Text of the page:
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Re: Biped advantage



At 08:41 18/11/96 +1030, George Olshevsky wrote:
>In a message dated 96-11-16 03:06:02 EST, pwillis@ozemail.com.au (Paul
>Willis) writes:
>
><< Oops. _former_ tree dwellers? I think not. Tree kangaroos have secondarily
> adapted to life in the trees (and a pretty ungainly one at that). >>
>
>This is very interesting. Any idea as to how this notion became established?

I believe that you will find that it is the commonly accepted view on the
evolution of the genus Dendrolagus (tree kangaroos) which are, actually,
rather clumsy in trees and tend to escape danger by leaping out of them
(often from great heights) and bounding away on the ground.

Certainly tree kangaroos are not particularly primitive as kangaroos go -
certainly not in the same league as the entirely terrestrial musky
rat-kangaroo Hypsiprymnodon moschatus, which retains five toes on the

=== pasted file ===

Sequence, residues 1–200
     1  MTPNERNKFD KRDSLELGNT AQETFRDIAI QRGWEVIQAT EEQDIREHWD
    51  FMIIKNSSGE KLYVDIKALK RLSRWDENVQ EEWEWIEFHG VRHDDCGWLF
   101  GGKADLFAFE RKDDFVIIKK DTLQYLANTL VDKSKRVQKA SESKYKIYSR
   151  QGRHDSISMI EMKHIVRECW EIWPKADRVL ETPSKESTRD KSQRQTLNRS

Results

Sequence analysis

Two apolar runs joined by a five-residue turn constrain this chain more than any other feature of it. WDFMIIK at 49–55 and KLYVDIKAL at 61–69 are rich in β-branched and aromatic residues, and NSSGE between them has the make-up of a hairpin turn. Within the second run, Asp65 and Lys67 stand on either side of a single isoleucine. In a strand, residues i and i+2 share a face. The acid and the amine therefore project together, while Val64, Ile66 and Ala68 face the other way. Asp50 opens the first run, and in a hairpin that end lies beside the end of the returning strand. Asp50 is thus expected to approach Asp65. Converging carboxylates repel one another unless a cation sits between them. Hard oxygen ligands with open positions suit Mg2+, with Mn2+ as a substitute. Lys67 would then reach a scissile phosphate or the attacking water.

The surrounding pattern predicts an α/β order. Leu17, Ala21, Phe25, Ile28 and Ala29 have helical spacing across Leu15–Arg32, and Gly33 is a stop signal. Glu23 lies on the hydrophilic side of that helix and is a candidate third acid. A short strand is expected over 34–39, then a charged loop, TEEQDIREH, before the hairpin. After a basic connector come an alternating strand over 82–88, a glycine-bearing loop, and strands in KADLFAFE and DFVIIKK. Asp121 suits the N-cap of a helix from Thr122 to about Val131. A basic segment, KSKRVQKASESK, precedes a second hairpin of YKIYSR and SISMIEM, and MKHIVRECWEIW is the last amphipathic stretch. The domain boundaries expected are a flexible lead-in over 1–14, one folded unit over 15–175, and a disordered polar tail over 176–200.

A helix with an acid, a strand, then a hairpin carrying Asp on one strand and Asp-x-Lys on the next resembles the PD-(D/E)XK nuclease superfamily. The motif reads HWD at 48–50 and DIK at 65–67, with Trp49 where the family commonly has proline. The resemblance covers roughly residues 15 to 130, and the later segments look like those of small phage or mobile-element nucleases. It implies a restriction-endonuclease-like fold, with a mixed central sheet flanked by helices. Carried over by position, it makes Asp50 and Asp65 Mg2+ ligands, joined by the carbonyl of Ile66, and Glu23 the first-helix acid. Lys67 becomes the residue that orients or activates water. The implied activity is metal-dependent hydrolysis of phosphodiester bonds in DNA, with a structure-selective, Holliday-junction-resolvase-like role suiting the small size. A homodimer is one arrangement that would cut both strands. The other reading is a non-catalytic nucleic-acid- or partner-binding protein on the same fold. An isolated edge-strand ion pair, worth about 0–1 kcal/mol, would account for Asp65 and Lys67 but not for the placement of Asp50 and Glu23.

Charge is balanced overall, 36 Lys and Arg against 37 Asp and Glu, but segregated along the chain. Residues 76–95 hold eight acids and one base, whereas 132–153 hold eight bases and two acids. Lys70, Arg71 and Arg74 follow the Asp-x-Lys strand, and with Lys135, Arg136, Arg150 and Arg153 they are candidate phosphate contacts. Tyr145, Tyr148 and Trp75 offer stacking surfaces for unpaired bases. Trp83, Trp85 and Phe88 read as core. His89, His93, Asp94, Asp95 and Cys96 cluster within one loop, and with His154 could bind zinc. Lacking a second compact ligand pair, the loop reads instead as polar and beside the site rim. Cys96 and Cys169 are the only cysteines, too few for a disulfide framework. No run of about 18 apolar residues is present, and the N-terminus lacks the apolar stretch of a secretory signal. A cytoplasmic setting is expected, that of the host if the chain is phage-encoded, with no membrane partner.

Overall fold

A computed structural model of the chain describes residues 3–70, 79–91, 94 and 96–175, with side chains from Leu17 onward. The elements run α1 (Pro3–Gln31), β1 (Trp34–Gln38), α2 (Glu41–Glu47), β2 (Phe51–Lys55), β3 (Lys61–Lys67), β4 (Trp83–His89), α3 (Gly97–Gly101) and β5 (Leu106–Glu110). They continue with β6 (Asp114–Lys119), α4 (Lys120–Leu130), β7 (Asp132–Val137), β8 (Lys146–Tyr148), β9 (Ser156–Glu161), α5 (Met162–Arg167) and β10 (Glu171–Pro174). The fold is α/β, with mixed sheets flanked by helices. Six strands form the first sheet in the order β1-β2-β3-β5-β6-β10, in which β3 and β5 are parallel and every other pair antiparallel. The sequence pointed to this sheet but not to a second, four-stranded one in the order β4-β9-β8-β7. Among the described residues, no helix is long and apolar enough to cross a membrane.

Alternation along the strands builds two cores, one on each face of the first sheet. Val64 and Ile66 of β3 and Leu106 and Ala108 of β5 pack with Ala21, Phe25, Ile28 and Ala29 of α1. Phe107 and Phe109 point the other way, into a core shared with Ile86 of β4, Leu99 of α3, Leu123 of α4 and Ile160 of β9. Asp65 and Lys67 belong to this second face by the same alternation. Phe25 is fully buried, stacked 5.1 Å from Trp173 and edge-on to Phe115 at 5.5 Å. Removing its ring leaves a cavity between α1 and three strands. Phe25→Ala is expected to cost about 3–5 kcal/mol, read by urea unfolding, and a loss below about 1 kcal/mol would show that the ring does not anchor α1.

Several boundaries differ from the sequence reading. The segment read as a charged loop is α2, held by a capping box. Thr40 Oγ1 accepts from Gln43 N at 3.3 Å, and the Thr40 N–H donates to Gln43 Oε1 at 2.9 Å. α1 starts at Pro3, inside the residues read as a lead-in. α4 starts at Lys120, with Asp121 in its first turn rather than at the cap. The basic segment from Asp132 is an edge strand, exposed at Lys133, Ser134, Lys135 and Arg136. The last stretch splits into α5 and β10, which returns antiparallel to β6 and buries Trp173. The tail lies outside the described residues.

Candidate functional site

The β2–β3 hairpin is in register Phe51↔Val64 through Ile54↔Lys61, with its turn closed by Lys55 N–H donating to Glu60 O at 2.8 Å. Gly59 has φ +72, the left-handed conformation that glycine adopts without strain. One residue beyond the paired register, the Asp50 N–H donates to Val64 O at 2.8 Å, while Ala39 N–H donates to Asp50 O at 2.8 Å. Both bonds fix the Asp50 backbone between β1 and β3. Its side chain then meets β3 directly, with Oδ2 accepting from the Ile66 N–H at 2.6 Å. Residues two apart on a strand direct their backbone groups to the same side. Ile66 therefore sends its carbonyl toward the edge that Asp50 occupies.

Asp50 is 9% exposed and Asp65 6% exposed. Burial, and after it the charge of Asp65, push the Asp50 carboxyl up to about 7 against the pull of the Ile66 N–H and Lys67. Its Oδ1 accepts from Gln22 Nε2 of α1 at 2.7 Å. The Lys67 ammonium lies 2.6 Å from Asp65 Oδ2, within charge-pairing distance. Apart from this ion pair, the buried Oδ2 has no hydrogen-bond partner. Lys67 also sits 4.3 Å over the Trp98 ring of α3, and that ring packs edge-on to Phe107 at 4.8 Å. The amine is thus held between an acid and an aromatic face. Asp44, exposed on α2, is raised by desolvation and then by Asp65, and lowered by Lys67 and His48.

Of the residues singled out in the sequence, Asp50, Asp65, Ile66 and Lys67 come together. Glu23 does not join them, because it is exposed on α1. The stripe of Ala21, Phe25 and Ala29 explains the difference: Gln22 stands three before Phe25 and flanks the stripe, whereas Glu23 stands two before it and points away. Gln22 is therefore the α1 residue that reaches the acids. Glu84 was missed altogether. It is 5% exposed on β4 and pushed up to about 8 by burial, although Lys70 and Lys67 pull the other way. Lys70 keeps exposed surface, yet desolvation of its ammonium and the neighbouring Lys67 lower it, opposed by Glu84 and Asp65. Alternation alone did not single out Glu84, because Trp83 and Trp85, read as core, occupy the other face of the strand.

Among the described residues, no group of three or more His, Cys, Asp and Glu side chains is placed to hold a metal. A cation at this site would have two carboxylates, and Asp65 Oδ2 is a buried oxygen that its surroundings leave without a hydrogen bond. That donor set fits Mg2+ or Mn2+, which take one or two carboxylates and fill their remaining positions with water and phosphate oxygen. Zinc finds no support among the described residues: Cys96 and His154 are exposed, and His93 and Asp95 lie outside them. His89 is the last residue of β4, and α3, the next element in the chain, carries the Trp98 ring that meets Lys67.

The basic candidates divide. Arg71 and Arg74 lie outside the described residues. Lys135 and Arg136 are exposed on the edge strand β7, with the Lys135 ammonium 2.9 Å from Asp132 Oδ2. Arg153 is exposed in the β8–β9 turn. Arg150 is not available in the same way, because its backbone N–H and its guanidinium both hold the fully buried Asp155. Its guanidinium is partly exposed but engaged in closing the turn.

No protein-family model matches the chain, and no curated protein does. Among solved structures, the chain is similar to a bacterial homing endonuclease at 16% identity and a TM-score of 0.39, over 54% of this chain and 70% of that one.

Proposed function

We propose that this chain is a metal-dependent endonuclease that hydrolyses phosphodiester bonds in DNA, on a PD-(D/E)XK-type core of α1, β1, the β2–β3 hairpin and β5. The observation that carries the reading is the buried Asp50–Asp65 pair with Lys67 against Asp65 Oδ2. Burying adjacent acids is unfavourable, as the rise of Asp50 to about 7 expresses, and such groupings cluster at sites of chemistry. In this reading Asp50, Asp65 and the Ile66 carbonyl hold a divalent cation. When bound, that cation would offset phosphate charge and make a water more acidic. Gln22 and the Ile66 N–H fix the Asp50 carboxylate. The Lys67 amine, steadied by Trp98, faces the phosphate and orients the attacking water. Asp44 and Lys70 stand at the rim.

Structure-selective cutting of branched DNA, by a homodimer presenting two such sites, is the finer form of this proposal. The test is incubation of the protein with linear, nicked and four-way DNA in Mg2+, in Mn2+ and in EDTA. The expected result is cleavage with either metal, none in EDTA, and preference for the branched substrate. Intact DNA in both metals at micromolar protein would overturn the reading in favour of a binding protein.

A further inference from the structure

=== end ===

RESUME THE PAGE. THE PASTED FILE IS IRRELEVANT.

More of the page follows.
hindfoot, is quadrupedal and bounds rather than hops (a very unroolike roo;
I saw them several times during field work in northern Australia in 1972-73).

However, this has nothing to do with the fact that kangaroos as a group are
generally regarded as having descended from arboreal ancestors, on the
grounds that the kangaroo line appears to have been an offshoot of the
possums which are mostly arboreal today.  The tree kangaroos, however, are
not representative of these ancestors but are secondarily arboreal - and a
newly-discovered species in New Guinea appears to be terrestrial, but
derived from arboreal tree kangaroos, thus making it a terrestrial
descendent of arboreal descendants of terrestrial descendants of arboreal
ancestors!

And if that doesn't make you stop and think about what dinosaurs could have
done, well, I can't help you...
--
Ronald I. Orenstein                           Phone: (905) 820-7886
International Wildlife Coalition              Fax/Modem: (905) 569-0116
1825 Shady Creek Court
Mississauga, Ontario, Canada L5L 3W2          Internet: ornstn@inforamp.net